Other families who are affected by autism are familiar and comforting to us, yet are still separate entities. Together we make up a federation of countries, kind of like Scandinavia. Like a person from Denmark talking with a person from Norway, (or in our case someone from Schmenmark talking with someone from Schmorway), we share enough similarities in our language and customs to understand each other, but conversations inevitably highlight the diversity of our traditions. Oh your child is a runner? Mine won t go to the bathroom without asking permission. "My child eats paper. Yesterday he ate a whole video box." "My daughter only eats 4 foods, all of them white." "My son wants to blow on everyone." "My son can't stand to hear the word no. We can't use any negatives at all in our house." "We finally had to lock up the VCR because my son was obsessed with the rewind button."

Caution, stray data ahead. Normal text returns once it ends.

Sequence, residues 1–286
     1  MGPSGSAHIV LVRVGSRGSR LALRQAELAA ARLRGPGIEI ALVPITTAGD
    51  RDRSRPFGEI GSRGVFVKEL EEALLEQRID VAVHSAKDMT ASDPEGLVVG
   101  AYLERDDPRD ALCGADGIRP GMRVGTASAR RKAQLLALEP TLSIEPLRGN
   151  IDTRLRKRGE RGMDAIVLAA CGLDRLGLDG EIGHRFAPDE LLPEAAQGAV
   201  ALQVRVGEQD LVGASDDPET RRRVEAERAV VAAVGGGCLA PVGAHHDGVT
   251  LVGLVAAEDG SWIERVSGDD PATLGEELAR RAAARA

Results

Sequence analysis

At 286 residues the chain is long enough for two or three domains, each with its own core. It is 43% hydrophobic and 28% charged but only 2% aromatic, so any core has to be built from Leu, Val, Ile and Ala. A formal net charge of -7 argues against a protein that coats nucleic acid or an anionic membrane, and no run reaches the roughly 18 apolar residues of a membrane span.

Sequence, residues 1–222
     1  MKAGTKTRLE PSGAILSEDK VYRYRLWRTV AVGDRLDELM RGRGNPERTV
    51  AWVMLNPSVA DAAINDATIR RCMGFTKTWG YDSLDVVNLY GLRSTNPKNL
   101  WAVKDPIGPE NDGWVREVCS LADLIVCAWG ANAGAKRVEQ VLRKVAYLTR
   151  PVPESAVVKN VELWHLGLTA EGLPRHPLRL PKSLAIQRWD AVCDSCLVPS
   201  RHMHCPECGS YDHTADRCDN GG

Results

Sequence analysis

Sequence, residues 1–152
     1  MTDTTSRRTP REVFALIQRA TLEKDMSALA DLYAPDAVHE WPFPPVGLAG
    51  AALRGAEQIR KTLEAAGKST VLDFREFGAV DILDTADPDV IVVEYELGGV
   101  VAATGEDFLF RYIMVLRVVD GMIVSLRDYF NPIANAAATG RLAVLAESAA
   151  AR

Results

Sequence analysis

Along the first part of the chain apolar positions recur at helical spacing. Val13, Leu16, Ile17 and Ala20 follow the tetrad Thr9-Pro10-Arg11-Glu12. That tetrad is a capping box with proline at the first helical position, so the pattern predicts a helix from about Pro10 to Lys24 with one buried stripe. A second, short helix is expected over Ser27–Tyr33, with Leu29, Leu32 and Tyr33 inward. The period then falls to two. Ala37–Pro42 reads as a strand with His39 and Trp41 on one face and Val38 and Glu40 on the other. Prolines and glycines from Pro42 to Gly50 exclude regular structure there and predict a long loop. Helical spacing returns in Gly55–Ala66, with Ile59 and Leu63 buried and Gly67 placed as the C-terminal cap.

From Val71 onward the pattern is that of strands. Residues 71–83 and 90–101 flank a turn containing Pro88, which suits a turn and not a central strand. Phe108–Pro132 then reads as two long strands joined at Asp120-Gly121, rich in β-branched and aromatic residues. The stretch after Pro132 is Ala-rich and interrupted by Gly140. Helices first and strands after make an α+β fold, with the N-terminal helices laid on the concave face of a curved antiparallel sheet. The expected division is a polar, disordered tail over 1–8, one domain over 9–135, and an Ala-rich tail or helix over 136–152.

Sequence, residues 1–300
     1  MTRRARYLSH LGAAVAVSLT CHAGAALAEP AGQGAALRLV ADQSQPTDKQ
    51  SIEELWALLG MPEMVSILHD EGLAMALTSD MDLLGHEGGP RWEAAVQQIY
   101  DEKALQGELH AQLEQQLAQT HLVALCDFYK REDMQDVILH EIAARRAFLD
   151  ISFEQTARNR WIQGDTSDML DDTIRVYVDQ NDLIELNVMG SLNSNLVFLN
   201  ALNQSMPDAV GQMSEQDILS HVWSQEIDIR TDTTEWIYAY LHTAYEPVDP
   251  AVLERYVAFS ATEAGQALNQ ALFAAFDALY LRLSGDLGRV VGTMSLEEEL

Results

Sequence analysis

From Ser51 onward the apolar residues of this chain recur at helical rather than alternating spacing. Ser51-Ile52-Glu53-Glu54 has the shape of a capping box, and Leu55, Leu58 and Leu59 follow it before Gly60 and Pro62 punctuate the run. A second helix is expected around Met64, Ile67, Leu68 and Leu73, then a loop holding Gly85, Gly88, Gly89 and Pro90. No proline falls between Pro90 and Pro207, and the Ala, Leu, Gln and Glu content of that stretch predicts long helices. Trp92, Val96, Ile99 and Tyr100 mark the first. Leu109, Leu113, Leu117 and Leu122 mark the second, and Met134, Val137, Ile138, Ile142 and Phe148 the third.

Sunday, May 16, 2010

A Weekend in Pictures (Guest Poster)

Thinking about eating a fry from KFC...

Playing a little Kneebouncers...
Shooting some hoops...
Helping Daddy wash the car...
Hiding from the sprinkler...

Jumping for joy...
Smile number six...
Feeling sleepy...
Bunny Bear is tired too...

Tuesday, May 11, 2010

Mother's day

On Sunday morning- Mother's Day
I woke up a little later than usual, I heard the laughter and giggling of happy children playing with their daddy....

I was greeted with much love by all...

I even cried because all of it was so meaningful and a little overwhelming.
The kids each worked hard on their own surprises....

Alyssa made me this very beautiful card,
a puppet and a special Walrus pin.

Nathan too has been working hard at school,
Here is the card he made for me and with it came a silk flower snow globe.

I just "love" his little hand flower

My wonderful husband treated me to a pedicure and a wonderful day of complete relaxation.

Being a mom is the best gift I've ever had.
I love being a mom and I'm excited about doing it again soon.!